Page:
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Playing sports

Girl playing soccer

Playing sports can help you through tough periods and put you on the path to a healthy adult life. The Women's Sports Foundation has conducted research on the link between academic success and sports for women and girls. Their research shows that:

  • Girls who participate in sports are less likely to do drugs, less likely to get pregnant, and more likely to graduate from high school than those who do not play sports.
  • Half of all girls who participate in sports have higher than average levels of self-esteem and less depression.
  • 80 percent of women identified as key leaders in Fortune 500 companies participated in sports during their childhood.
  • Women who are student athletes graduate at higher rates than women students generally.

What kind of sports or exercise would you like to participate in? In picking a sport the focus should not be on what particular sport you excel in, but what sport you enjoy most!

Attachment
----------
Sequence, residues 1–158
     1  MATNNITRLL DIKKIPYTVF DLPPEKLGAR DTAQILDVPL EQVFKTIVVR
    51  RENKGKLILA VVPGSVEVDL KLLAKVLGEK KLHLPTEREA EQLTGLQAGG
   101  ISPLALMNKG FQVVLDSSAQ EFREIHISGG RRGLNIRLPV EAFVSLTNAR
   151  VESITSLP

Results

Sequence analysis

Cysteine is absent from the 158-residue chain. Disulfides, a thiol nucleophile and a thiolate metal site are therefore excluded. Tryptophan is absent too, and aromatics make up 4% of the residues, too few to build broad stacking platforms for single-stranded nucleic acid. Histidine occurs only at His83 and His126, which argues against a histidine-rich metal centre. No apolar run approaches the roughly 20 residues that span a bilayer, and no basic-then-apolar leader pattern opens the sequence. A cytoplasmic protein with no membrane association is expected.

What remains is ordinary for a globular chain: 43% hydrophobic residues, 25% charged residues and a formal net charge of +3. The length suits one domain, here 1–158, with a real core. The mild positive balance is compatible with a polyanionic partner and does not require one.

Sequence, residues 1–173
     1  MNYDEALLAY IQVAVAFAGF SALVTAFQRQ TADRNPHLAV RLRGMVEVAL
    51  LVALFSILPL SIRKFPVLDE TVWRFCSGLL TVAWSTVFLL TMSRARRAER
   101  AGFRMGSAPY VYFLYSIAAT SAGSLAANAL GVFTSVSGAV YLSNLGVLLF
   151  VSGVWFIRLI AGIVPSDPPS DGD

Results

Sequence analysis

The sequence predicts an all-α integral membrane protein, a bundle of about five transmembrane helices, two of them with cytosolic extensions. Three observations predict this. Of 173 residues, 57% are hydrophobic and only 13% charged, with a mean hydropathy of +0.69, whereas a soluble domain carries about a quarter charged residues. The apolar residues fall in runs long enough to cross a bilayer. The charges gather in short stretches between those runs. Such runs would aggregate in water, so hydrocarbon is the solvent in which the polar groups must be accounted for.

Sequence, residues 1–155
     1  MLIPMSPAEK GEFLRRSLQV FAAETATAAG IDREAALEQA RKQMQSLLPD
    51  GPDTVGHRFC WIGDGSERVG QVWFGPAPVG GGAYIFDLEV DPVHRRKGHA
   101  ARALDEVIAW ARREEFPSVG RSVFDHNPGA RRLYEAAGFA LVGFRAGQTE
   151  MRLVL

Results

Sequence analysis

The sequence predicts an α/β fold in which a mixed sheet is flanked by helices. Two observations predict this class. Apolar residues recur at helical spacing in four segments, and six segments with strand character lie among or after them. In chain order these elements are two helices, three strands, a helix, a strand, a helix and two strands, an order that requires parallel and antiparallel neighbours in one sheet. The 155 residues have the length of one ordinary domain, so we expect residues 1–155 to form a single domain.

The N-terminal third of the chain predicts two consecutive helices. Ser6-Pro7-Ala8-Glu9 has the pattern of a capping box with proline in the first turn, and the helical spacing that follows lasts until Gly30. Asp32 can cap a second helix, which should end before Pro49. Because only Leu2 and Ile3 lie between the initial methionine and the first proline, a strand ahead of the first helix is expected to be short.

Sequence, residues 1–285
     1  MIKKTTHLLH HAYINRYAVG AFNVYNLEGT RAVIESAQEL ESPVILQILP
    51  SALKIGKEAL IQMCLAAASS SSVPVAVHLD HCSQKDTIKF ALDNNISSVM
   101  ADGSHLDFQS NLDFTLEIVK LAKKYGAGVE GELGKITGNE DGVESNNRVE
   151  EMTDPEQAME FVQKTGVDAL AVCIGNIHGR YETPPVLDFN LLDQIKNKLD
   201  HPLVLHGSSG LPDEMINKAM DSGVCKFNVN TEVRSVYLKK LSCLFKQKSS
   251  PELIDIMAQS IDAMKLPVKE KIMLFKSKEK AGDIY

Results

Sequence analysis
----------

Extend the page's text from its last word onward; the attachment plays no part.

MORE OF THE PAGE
If you are quiet, shy, or just not very athletic, go for walks with a friend or your mom. Try hiking or swimming on the weekends as a family. You might also try noncompetitive dance, gymnastics, aerobics, or ice skating classes. Learn about playing sports with an illness or disability.

If you are a bit of a “tomboy“ and always seem to want to play with the boys at the park, go for the more competitive sports. Enroll in either co-ed or all-girl sports such as softball, soccer, basketball, field hockey, or track. Let’s not forget football!

Even if you consider yourself a “girly-girl,” you can enjoy participating in sports as well. Dance and cheerleading often are overlooked when considering sports, but they are physically demanding and are excellent forms of exercise.


Content last reviewed October 09, 2009
Page last updated October 31, 2013